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5 Ways to Instantly Improve Your Texas Hold'em Game

Updated on February 24, 2013

These five tips will increase the amount of money that you win overall when you are playing Texas Hold'em. This article assumes that you already have some basic familiarity with poker, i.e. you know the hand rankings, and terminology like blinds, flop, and button. If not, head to the resources at the bottom of the article to learn how to play and come back!

1. Only Play Premium Hands

You are dealt two cards at the beginning of each round of Texas Hold'em. These are known as starting hands. There are 169 different combinations of cards possible, for example A♥-K♣, or 3♣-7♣. Each of these hands can be ranked according to how likely it is that you will win with that hand. For example holding A♦ -A♠ in your hand is much better than having 4♦-9♥.

While it is tempting to play any hand of cards that is suited, like 5♥-9♥, or any hand of cards that is connected, like 6♣-7♦, most skilled poker players will limit the hands that they won't immediately fold to the top 10 or 20 combinations. This is known as a tight playing style.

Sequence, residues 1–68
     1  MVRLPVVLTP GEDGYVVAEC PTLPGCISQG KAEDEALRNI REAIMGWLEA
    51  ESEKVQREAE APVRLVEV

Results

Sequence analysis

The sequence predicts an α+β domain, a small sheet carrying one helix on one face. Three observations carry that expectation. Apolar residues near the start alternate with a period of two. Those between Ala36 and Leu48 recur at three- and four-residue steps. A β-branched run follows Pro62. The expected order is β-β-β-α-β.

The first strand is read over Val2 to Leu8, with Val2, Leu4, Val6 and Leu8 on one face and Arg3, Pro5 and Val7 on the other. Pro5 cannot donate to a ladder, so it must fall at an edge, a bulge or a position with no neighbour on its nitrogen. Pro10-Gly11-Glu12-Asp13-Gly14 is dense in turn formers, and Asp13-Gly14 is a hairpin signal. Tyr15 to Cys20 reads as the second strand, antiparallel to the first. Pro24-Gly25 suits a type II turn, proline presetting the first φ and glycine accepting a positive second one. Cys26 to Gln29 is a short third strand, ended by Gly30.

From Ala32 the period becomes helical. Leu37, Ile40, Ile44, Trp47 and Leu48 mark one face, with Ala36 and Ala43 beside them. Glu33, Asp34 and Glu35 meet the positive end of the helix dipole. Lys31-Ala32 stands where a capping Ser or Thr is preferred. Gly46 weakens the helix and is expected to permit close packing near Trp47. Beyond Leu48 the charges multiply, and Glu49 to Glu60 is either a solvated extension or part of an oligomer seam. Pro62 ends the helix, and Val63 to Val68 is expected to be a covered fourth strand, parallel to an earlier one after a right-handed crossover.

The top ten starting hand combinations are:

  1. AA
  2. KK
  3. QQ
  4. JJ
  5. 1010
  6. AK suited
  7. AQ suited
  8. AJ suited
  9. AK off suite
  10. KQ suited

Sticking with the top 10 hands is recommended if your turn is early in the hand.

The next top ten combinations are 99, 88, A10 suited, A9 suited, AQ off suite, QJ suited, K10 suited, Q10 suited, AJ off suite.

It can take some time to memorize these hands. Notice that the lowest pair you want to play is 88, and that having a hand of high cards that are suited means you usually want to play them.